Wednesday, August 8, 2007

A Reason for the Wind by Roni Fuller

A Reason for the Wind, Roni Fuller's new book of poetry, begins where Fuller's previous collection left off, as he recovers from his wife's death, detailing his travels to El Salvador, as well as his internal travel through the uncharted terrority of grief, memory, and longing.

From A Reason for the Wind

It was here that I learned
to open and taste granadia,
scooping up its wet, sweet juice,
and know the soft flesh
of maranon, beneath which
grows the cashew,
curved and hard.

Friday, August 3, 2007

Tracing the Path by the Cascadilla Poets

Tracing the Path is an anthology of poems by The Cascadilla Poets: Peggy Billings, Inta Ezergailis, Jon Frankel, Bridget Meeds, and Ann Silsbee, with guest poets Yi Ping and Lin Zhou.

"In a collection like this one, a reader could single out the virtuosity of one poet, a purity of tone of another, or the verbal mastery of a third, but to do so is at odds with the intent. The gifts of each contributor are substantial, but their mutual accomplishment is even more remarkable. This group of poets can serve as a model for many others of us today, whatever our age and calling."
from the introduction by James McConkey

from Tracing the Path

Jon Frankel: Down Below a Baby Cries

A corkscrew
turning to be free.

So strong
The whole human muscle and its brain
Are bent to one conclusion.

The mother walks it back and forth
Through leopard spots of sun.

Inta Ezergailis: The Dress

It flows in the window-light,
greens, reds, some pink--
the same and not the same
as one some fifty years ago
in the window of a store
of a small Bavarian town,
so soon after the War
that we had no books, but took notes
on organic chemistry and Cornelius Nepos
in neat deferential German longhand.

New lives were being offered, sparingly.
It was possible to cash in on survival,
somehow, though life was not as rich
as it had looked in the bunker,
with Berlin being swept away outside,
when all seemed possible if one was spared,
when, at twelve, I thought
I had brought on the war,
and begged forgiveness for such small sings
as I'd been capable of, clenched my hands,
prayed, sitting straight--God's good pupil--
as the bombs saturated all.

Now there was life--
refugee camp, German school,
the goldpaving of Ottawa or Boston,
or the Australian outback.
The senses in their timid flowering
seized on the dress in a shop window
on the way to school, a shop
which must have been expensive.
The single dress lay seductively
at a languid angle, fluid, silky.
No mannequin--pure, sweet, virgin,
it was waiting for me alone.
Transcendence without mediation.

The missed years of slow awakenings,
of stirrings in the body denied space and time,
trying to find root, turn delicately outward.
Did someone buy it, someone rich and glorious?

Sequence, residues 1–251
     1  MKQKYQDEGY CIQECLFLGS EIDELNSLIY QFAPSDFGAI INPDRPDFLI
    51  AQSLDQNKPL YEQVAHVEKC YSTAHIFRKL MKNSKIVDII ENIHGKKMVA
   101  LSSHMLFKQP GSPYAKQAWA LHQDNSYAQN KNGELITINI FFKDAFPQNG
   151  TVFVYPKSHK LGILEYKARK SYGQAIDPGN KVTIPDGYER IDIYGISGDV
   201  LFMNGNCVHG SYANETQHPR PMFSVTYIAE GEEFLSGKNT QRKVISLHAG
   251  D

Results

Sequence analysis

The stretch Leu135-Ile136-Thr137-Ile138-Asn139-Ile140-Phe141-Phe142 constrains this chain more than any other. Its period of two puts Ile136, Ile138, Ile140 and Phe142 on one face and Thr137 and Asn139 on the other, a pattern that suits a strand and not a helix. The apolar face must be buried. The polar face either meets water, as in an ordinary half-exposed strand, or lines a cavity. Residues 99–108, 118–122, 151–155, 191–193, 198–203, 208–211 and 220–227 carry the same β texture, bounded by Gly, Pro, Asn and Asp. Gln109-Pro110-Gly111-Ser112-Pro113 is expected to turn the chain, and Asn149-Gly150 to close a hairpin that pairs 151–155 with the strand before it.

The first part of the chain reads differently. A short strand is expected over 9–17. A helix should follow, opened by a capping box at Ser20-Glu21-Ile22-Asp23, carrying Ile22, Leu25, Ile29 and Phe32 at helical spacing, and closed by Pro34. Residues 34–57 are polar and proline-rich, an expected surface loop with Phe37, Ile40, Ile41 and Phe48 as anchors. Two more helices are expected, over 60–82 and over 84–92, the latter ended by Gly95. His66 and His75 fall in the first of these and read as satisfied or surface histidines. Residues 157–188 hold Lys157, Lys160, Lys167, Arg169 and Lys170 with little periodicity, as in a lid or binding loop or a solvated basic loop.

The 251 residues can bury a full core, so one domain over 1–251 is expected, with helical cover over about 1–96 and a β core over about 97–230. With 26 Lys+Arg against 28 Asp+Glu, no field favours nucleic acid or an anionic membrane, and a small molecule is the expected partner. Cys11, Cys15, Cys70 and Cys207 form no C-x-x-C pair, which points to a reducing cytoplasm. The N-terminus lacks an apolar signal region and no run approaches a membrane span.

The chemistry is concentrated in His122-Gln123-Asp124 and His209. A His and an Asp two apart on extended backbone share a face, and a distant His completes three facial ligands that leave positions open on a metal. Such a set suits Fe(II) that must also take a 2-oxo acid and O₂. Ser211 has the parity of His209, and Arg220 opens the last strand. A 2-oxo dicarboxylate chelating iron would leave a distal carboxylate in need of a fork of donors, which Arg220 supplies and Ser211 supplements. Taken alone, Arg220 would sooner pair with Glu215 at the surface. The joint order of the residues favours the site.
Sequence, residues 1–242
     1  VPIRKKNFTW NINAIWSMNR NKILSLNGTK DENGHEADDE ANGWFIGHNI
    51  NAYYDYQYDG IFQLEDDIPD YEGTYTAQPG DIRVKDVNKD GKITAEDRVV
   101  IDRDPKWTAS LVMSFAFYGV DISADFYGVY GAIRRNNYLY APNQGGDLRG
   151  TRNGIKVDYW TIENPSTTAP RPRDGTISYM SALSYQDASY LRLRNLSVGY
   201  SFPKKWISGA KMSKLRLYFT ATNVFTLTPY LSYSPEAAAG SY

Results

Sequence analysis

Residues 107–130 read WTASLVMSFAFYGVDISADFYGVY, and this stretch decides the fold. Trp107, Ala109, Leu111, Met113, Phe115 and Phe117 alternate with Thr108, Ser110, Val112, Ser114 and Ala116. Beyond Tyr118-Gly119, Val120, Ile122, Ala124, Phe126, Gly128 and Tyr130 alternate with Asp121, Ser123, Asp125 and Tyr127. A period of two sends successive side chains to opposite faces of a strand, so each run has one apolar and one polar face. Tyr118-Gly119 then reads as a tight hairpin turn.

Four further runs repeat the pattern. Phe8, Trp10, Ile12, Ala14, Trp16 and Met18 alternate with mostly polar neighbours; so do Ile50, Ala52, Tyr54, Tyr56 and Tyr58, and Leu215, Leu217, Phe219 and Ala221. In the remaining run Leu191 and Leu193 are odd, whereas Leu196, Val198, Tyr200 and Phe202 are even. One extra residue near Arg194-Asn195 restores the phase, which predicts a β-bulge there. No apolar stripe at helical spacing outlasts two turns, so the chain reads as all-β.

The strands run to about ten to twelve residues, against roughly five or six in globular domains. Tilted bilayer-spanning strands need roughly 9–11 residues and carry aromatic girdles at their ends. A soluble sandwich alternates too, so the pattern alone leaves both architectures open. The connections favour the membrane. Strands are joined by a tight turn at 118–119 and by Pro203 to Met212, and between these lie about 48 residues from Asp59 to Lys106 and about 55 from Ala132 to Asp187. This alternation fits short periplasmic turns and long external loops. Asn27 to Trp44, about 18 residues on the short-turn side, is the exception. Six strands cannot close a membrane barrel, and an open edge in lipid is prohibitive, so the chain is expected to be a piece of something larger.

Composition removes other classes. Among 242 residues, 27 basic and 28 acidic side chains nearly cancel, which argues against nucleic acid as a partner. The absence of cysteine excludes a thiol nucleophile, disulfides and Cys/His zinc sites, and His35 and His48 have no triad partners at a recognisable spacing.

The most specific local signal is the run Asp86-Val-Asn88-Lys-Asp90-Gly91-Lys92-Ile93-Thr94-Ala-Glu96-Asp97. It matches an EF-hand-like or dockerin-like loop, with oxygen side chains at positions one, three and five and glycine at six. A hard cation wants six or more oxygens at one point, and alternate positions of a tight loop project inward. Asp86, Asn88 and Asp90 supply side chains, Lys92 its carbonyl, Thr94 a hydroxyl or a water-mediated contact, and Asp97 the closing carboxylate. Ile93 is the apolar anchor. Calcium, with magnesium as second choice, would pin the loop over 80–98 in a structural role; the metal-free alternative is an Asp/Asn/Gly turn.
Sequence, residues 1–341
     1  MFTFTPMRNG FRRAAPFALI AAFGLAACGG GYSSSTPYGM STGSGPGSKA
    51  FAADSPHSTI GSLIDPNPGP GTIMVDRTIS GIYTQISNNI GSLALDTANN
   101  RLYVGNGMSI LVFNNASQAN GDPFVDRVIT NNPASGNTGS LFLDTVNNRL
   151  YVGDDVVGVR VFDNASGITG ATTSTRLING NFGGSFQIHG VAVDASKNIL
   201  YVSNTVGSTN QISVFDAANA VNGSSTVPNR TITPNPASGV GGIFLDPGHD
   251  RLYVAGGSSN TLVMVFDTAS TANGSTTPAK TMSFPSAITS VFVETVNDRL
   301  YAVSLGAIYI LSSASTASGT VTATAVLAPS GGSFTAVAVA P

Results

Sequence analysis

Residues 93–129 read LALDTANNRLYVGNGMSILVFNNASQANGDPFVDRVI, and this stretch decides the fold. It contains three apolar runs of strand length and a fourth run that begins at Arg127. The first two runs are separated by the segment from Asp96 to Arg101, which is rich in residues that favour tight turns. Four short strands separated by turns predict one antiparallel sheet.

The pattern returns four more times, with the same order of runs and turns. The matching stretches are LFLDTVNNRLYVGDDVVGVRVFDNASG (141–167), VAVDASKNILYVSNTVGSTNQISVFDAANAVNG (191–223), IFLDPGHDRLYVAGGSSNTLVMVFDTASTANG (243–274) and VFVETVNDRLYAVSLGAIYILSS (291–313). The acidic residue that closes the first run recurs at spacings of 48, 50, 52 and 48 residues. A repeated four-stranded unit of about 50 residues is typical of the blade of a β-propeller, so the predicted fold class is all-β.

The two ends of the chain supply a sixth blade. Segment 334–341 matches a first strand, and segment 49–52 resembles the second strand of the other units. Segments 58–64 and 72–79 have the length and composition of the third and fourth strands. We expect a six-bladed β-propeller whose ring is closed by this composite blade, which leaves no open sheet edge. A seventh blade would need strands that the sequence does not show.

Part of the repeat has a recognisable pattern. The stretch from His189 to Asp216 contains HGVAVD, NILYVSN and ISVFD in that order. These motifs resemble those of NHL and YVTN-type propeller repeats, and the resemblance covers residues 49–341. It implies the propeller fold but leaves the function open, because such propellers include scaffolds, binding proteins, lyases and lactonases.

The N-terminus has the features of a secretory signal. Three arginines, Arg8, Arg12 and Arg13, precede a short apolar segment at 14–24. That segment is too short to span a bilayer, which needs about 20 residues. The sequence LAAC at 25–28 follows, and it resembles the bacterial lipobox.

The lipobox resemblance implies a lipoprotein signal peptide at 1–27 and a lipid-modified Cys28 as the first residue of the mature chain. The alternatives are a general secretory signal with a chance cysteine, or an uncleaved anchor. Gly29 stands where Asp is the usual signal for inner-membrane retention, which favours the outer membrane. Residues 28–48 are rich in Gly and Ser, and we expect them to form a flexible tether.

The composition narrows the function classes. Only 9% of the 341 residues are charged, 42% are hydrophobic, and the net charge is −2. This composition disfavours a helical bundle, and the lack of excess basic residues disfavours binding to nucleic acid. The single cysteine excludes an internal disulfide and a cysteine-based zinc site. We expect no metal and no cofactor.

The town was Rosenheim, home of roses.

88 pages
ISBN 0-9702498-2-9

Half-Light by Peggy Billings

"Coming upon the collected work of a poet new to us, we should resist the tendency to read the poems in quick succession. Half-Light contains any number of poems that deserve to be lingered over: They need, as good literature always does, to be created all over again in the reader's imagination."
from the introduction by James McConkey

Poet Peggy Billings was born in McComb, Mississippi, in 1928. From 1952-63, she served as a missionary in war-torn South Korea. After her return to the United States in 1963, she went to work for the United Methodist Church, devoting her life to racial justice, civil rights, community action, peace, international affairs, and women's issues. She has remained involved with Korea during its democracy and human rights struggles. She is currently retired and living near Trumansburg, NY.

From Half-Light

End of the Day

When the sun
goes down
behind the Palisades,

shade climbs up
the sides of the buildings
to rest on rooftops.

On Broadway,
the barber's pole
whirrs the evening prayer.

People hurrying home
from the subway
cover their heads with half-light,

of wild lilac and shadow.

Like a child
reluctant to come inside,
the light lingers on our stoop.

66 pages
ISBN 0-9702498-7-X

Don't Go to the Reception with Friends of the Groom! by Reza Daneshvar

A drive into the countryside beyond Paris turns surreal in Don't Go to the Reception with Friends of the Groom! a mischievously disorienting fantasia that mirrors the immigrant's sense of dislocation. With serio-comic intensity, Reza Daneshvar gives us the inherent absurdity of the exile trying to negotiate another culture's darkest recesses.

From Don't Go to the Reception with Friends of the Groom!

When they left the city, a thick fog greeted them; the car was gradually swallowed up as if it were driving into an ocean.

"Oh, it's lovely, all this fog!" the woman exclaimed.

"How can we see the signs? We're bound to get lost," said Hassan-aqa, apprehensive.

"Don't worry, my husband's eyes are sharper than an eagle's." And she suddenly burst out laughing. Hassan-aqa had just discovered that the lenses of her husband's glasses, thick as wine-bottle bottoms, were heavily coated with mist....

translated by Catherine Porter
18 pages
ISBN 0-9702498-6-1